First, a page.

Other countries have exploited natural catastrophes to attract visitors, but Christchurch is wary of promoting disaster tourism and is trying to find tasteful ways of satisfying the curiosity of international visitors.
Disaster tourism is not new. After the devastating 2008 Sichuan earthquake that killed 90,000 people, the Chinese government encouraged tourism as a way of bolstering economic recovery in the quake zone, with millions visiting on one day package tours.
Bus tours ran through parts of New Orleans ravaged by Hurricane Katrina, and tour companies offered trips to view Eyjafjallajökull, the Icelandic volcano that erupted in 2010.
Several Christchurch operators are running bus, walking and Segway tours around the perimeter of the cordoned off CBD while tours via helicopter and light aircraft provide an aerial view of the shattered central city and large rock falls and damaged homes in the seaside suburbs of Sumner and Redcliffs.
To date most customers have been local residents, but that is likely to change as the summer tourist season revs up.
Over the coming months about 80 cruise ships carrying some 65,000 to 70,000 passengers will moor in Akaroa Harbour (quake damage to wharves at the Port of Lyttelton has ruled out cruise ship visits there), and about a third of passengers are expected to travel to Christchurch.
Tim Hunter, chief executive of Christchurch and Canterbury Tourism, says it's only natural that visitors will want to see quake damage, but he would prefer tour operators to focus on the recovery rather than the broken buildings.
"What's happened in Christchurch is huge, it's the biggest transformation of the city since it was created so we can't turn our backs on it and deny it."
An earthquake centre is included in the Christchurch City Council's draft city plan, but Hunter says it is not due to open until about 2017, so a temporary information facility is needed to sensitively tell the story of the emergency response, the deaths, and the city's rebuilding.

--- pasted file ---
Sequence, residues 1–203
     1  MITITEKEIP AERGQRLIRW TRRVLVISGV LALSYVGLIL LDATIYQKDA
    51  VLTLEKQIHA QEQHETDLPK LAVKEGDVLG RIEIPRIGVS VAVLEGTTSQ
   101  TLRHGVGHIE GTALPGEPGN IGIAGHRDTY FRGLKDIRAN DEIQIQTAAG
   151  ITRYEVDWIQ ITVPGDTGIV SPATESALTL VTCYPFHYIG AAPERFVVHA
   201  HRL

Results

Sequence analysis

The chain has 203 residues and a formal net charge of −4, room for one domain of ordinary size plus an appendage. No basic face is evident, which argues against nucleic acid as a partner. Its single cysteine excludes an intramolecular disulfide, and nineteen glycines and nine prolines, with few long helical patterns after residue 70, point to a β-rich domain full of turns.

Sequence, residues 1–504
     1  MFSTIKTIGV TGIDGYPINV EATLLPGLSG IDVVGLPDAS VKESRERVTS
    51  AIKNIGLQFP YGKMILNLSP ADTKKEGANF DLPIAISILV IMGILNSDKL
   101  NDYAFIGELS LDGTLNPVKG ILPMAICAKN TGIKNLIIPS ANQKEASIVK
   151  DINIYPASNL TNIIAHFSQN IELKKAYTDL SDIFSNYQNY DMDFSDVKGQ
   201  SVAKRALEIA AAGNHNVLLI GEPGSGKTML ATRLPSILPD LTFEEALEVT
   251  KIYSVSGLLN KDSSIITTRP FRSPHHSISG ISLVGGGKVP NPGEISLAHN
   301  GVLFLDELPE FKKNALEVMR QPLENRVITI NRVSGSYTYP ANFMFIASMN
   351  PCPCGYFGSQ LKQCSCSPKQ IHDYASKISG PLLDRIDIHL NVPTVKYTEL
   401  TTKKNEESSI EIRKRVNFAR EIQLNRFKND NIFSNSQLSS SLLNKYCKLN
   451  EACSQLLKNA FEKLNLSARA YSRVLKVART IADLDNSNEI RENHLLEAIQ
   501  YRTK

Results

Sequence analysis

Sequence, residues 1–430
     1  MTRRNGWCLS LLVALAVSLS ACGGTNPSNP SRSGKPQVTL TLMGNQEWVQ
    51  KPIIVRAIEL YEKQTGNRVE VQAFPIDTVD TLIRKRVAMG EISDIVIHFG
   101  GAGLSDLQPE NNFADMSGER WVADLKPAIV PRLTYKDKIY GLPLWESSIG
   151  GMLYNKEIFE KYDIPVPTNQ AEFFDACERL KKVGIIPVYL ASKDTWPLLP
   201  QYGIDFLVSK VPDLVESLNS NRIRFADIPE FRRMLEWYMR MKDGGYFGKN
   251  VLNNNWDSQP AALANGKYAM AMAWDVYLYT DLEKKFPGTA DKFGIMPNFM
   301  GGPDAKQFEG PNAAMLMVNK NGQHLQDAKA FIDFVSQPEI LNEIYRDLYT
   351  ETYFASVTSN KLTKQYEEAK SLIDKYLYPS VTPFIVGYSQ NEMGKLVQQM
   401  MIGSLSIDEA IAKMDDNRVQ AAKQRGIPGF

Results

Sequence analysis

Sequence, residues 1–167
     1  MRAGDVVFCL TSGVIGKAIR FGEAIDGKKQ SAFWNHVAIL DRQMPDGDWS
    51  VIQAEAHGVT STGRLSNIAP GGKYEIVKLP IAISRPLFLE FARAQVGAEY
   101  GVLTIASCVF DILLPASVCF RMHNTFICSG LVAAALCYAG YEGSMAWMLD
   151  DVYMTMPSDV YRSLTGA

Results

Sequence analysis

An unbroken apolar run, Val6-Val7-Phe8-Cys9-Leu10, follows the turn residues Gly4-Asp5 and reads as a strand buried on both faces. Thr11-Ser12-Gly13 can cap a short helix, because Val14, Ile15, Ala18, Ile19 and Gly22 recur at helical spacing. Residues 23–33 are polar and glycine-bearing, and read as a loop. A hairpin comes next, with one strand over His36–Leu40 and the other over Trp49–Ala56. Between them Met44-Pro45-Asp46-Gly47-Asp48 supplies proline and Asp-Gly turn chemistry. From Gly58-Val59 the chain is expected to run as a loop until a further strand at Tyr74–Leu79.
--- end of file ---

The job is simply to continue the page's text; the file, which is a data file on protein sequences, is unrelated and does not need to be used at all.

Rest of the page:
"We've got people coming to town now hanging onto wire fences gawking at a broken city. We need to help them in terms of understanding what happened here, and make it a more educational experience."
Next month CERA will begin long-awaited bus tours through the CBD red zone.
The aim was to give local residents a last chance to see the devastation wrought by the quake before demolitions are complete.
Although CERA has yet to decide who will be eligible to go, Hunter is not keen on opening the red zone tours to overseas visitors.
"If you spend too long in there it becomes a very disheartening experience. We have to be very careful we don't send people away with a thoroughly negative sense of hopelessness."
Hassle Free Tours skirts the cordon on one of its double decker bus tours and managing director Mark Gilbert says they show passengers both the functioning and the damaged parts of the city.
"When we're talking about the earthquake we focus on moving forward and the vision for the new city, what's still open, and the amazing story about how Christchurch people have pulled together through some pretty awful times."
Hassle Free Tours also visits Sumner, even though the closure of Evans Pass means buses cannot continue over to Lyttelton as they used to.
Sandra van Hout, co-owner of Joe's Garage café and a member of the Sumner Business Association, is pleased that some tours are continuing because many Christchurch residents have the mistaken impression that Sumner is too dangerous to visit, and businesses have been hard hit by a swimming and surfing ban imposed because of quake-related sewage pollution.
The closure of the Summit Road, a popular cycling route, has also had a dramatic effect on cyclist numbers at weekends - "We went from 100 a day to zero"- so van Hout is only too happy to welcome visitors wanting to view the suburb's spectacular rock falls.
"I want people; I don't care what they're coming to look at. Most people I talk to (in the café) are shocked because the reality is so much worse than they've seen on the TV."
But she's less enthusiastic about noisy aerial tours that don't generate custom for local businesses.
"It's tacky almost. If you've lost your house on Clifton (hill) I think it's a wee bit intrusive to think that people want to come and get a bird's eye view of your destruction."
Garden City Helicopters flies tours over the CBD and Sumner and general manager Simon Duncan said at peak times there were three choppers and one or two light planes from various operators in the circuit.
His company fielded complaints about the noise, and one very upset man made a bomb threat.
He said more than 90 per cent of passengers were from Christchurch and although demand for the flights is declining, they will continue to run while it is there.
The hundreds of shipping containers lining Sumner roadsides as rock fall protection are getting a colourful makeover, and both van Hout and Gilbert think the project has great potential as a tourist attraction.
Sumner graphic designer Dinesh Patel and gallery owner Bryan L'Estrange are seeking sponsorship to create the world's largest outdoor art gallery by covering the steel boxes with New Zealand art works printed on hard-wearing PVC canvases.
Two canvases have been installed so far and Patel says they are already drawing a lot of attention.
"It's amazing how many campervans are parking on Gollans Point and taking photographs."